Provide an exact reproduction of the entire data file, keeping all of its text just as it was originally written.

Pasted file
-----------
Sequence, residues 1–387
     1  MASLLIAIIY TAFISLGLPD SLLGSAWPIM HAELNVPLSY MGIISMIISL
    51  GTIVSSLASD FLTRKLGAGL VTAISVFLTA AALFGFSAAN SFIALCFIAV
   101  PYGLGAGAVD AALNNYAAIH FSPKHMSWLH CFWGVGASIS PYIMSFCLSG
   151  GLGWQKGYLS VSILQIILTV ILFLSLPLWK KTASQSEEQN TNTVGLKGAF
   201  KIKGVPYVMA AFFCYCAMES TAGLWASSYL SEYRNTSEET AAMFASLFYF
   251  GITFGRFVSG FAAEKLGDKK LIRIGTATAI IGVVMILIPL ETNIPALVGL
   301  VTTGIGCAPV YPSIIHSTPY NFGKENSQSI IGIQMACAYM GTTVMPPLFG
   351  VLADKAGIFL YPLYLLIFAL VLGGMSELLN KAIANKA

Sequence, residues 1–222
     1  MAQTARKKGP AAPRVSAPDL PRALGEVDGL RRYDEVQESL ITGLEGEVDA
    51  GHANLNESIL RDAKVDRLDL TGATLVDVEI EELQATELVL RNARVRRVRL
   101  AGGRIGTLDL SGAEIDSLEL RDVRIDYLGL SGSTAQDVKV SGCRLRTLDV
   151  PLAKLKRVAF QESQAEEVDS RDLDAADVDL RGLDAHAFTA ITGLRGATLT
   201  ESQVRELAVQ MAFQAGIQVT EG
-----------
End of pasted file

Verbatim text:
Sequence, residues 1–387
     1  MASLLIAIIY TAFISLGLPD SLLGSAWPIM HAELNVPLSY MGIISMIISL
    51  GTIVSSLASD FLTRKLGAGL VTAISVFLTA AALFGFSAAN SFIALCFIAV
   101  PYGLGAGAVD AALNNYAAIH FSPKHMSWLH CFWGVGASIS PYIMSFCLSG
   151  GLGWQKGYLS VSILQIILTV ILFLSLPLWK KTASQSEEQN TNTVGLKGAF
   201  KIKGVPYVMA AFFCYCAMES TAGLWASSYL SEYRNTSEET AAMFASLFYF
   251  GITFGRFVSG FAAEKLGDKK LIRIGTATAI IGVVMILIPL ETNIPALVGL
   301  VTTGIGCAPV YPSIIHSTPY NFGKENSQSI IGIQMACAYM GTTVMPPLFG
   351  VLADKAGIFL YPLYLLIFAL VLGGMSELLN KAIANKA

Sequence, residues 1–222
     1  MAQTARKKGP AAPRVSAPDL PRALGEVDGL RRYDEVQESL ITGLEGEVDA
    51  GHANLNESIL RDAKVDRLDL TGATLVDVEI EELQATELVL RNARVRRVRL
   101  AGGRIGTLDL SGAEIDSLEL RDVRIDYLGL SGSTAQDVKV SGCRLRTLDV
   151  PLAKLKRVAF QESQAEEVDS RDLDAADVDL RGLDAHAFTA ITGLRGATLT
   201  ESQVRELAVQ MAFQAGIQVT EG